Various campus organizations are collaborating to promote respect and value toward the mentally and developmentally disabled as part of national Learning Disability Awareness Month in March.

The university chapters of Best Buddies International and Project Eye-to-Eye, national organizations pairing students with disabled community members, launched a three-day campaign yesterday to alter how people view their disabled peers and inhibit the use of common terms such as “retarded” that carry negative connotations. The groups will partner with other local organizations such as Pathpoint Inc. and Special Olympics throughout the month to further its efforts.

PETE Co-coordinator Jeffrey Stephens, a third-year film and media studies major, said the commemoration allows disabled students to express pride in for their status.

“This month, we will be advocating that we have learning disabilities and that we are proud of it by wearing ‘LD and Proud’ t-shirts,” Stephens said. “A lot of the time people don’t realize that we, in fact, have a disability. We will not use our disability as a crutch but rather embrace it to find and encourage what we are passionate about.”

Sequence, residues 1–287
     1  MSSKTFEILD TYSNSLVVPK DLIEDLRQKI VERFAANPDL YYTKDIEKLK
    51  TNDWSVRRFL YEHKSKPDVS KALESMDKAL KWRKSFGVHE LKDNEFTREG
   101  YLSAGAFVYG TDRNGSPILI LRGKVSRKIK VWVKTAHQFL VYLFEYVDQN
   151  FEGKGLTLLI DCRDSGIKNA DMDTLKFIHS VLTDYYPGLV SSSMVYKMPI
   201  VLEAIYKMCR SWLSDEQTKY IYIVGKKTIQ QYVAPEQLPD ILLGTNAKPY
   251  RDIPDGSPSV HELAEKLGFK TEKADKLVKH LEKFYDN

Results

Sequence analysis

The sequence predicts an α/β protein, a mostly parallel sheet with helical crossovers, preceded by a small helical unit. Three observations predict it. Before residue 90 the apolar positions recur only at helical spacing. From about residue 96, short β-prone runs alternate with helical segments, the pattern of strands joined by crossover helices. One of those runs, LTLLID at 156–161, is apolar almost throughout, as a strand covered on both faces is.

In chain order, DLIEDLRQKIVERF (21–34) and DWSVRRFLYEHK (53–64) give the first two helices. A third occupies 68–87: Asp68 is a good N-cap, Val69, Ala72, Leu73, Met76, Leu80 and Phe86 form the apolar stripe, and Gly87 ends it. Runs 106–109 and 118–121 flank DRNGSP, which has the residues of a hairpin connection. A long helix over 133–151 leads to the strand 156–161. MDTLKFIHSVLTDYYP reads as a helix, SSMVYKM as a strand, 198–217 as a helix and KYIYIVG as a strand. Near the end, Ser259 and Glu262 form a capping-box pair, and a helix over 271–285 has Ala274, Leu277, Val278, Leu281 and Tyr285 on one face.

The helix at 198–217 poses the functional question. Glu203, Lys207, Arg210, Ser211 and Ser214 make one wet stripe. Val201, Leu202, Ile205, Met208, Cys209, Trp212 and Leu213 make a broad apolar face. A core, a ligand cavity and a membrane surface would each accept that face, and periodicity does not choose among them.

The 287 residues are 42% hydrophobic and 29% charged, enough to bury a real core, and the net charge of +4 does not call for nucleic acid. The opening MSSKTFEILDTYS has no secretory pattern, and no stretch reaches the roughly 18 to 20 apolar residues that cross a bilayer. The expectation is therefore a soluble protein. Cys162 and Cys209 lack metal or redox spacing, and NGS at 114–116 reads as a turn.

According to PETE Co-coordinator Angelique Kekulawela, a fourth-year theater studies major, the programs also help de-stigmatize learning disabilities through creative community activities.

“After someone sees all of what we do in and out of our art rooms, I hope we can change the way people perceive [learning disorders] and ADHD and get rid of the LD/ADHD misconceptions,” Kekulawela said. “This month should be a time to think differently about individuals with these struggles by supporting our message.”

Best Buddies Director Blake Ballardo, a fourth-year sociology major, said the group encourages individuals to respect the rights of those in the disabled community.

“The main idea of Learning Disability Awareness Month is to not have to have a Learning Disability Awareness Month,” Ballardo said. “We want to get people to understand that the r-word upsets people with LDD and to have others [be] more aware that they are just people, too.”